"Now that we have confirmed that a small number of cancer stem cells initiates and maintains human brain tumour growth in a mouse model, we can potentially use the mouse model with each patient's tumour cells to see if therapies are working to conquer that patient's tumour," said Dr. Peter Dirks, the study's principal investigator, a scientist and neurosurgeon at Sick Kids, and an assistant professor of Neurosurgery at U of T. "A functional analysis of the brain tumour stem cell may also give new insight into patient prognosis that may then warrant individual tailoring of therapy."
Dr. Dirks' laboratory was able to regrow an exact replica of patients' brain tumours in a mouse from the isolated cancer stem cells, or brain tumour initiating cells. They were then able to study the growth of the human brain tumour in the mouse model using the advanced imaging technology in the Mouse Imaging Centre (MiCE) at Sick Kids.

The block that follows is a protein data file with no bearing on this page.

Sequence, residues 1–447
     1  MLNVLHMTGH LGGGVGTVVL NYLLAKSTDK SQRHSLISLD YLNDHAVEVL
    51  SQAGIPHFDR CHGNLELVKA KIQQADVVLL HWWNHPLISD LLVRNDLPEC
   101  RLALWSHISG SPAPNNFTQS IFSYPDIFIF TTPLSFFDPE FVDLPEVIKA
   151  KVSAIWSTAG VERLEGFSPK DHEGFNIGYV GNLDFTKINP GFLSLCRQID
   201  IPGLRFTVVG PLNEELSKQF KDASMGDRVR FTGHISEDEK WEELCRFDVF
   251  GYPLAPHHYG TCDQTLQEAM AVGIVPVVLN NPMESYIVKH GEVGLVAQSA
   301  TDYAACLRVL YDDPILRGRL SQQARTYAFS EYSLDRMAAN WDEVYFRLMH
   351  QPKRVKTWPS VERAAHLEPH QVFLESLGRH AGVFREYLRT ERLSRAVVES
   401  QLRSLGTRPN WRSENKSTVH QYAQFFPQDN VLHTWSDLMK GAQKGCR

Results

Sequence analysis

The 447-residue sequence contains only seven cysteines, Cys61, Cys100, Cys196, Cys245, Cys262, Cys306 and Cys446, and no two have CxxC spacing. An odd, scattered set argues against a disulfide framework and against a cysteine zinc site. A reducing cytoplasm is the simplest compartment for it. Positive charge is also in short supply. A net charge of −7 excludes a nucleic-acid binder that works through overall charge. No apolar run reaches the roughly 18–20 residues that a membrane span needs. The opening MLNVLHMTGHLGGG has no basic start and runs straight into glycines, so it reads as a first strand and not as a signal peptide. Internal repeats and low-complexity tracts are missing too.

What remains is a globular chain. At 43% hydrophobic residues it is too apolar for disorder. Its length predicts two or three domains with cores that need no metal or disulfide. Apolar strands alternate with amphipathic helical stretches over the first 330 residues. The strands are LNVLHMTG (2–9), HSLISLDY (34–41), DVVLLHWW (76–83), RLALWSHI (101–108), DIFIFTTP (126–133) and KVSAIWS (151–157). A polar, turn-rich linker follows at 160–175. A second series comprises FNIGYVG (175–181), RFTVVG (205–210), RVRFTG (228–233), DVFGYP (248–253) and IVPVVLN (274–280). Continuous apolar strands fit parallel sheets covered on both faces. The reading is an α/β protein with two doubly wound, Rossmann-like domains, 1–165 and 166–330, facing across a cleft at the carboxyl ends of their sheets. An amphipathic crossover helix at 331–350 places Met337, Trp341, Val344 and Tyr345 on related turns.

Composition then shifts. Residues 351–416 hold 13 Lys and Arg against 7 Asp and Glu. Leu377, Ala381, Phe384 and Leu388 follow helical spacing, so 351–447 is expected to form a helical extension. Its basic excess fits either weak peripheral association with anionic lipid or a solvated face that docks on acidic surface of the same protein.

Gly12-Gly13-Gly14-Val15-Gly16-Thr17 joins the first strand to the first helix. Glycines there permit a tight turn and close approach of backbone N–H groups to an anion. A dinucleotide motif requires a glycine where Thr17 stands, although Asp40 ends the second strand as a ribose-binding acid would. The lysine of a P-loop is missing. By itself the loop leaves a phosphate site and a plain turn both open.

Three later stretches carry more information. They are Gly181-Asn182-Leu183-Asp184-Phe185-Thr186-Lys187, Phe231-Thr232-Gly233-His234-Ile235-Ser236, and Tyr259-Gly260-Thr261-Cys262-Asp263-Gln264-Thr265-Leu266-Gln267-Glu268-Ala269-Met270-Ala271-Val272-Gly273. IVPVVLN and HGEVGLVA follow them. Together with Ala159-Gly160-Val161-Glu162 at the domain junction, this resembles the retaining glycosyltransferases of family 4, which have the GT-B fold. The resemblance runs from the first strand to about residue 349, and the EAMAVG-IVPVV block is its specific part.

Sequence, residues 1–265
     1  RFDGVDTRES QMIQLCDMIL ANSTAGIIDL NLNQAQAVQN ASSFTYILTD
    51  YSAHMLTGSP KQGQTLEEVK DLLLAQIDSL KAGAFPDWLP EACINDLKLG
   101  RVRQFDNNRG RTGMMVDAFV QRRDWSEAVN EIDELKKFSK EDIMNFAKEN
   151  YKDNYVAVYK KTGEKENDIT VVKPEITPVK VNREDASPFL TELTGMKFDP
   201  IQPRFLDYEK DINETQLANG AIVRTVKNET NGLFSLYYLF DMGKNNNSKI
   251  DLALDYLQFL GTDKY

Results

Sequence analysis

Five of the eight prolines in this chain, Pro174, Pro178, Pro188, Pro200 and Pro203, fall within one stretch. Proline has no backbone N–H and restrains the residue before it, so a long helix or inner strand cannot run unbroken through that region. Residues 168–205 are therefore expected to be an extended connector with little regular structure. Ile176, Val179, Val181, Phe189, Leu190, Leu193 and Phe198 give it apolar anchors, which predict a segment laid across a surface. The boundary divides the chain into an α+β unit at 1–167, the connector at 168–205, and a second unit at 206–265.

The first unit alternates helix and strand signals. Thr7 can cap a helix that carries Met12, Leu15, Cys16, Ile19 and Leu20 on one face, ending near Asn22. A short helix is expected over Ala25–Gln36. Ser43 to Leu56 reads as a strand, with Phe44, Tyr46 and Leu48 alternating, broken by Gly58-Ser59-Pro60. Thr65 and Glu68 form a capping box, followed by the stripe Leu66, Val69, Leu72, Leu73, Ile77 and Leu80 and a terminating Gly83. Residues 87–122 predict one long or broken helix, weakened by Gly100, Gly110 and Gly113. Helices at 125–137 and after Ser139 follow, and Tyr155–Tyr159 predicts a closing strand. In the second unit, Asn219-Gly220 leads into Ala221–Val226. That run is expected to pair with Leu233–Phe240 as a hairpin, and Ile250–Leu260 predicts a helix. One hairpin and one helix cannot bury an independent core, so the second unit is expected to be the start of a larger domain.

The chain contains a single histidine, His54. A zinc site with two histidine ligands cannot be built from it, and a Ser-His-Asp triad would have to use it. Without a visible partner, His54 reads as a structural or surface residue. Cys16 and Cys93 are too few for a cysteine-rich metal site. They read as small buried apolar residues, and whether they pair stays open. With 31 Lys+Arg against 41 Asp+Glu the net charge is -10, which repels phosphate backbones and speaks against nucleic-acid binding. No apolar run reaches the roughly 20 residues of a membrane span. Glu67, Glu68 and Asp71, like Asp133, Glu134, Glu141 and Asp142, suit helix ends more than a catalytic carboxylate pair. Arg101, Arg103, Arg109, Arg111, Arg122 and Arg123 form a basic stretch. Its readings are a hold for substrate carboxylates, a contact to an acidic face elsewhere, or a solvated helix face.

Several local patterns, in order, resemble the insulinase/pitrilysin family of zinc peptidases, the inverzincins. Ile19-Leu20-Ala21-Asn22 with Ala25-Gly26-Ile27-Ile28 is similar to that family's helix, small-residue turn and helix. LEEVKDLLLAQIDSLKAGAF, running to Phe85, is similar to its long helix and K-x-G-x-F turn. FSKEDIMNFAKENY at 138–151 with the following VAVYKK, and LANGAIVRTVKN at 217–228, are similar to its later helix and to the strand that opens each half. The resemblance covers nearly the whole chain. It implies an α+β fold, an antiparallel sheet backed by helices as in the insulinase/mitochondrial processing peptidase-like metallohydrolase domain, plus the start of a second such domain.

Brain tumours are the leading cause of cancer mortality in children and remain difficult to cure despite advances in surgery and drug treatments. In adults, most brain tumours are also among the harshest cancers with formidable resistance to most therapies.
"Next, we are going to study the gene expression of the brain tumour stem cells. Once we have identified what genes are expressed in those cells, we will then be able to target these genes using new drugs or genetic-type therapies," said Dr. Sheila Singh, the paper's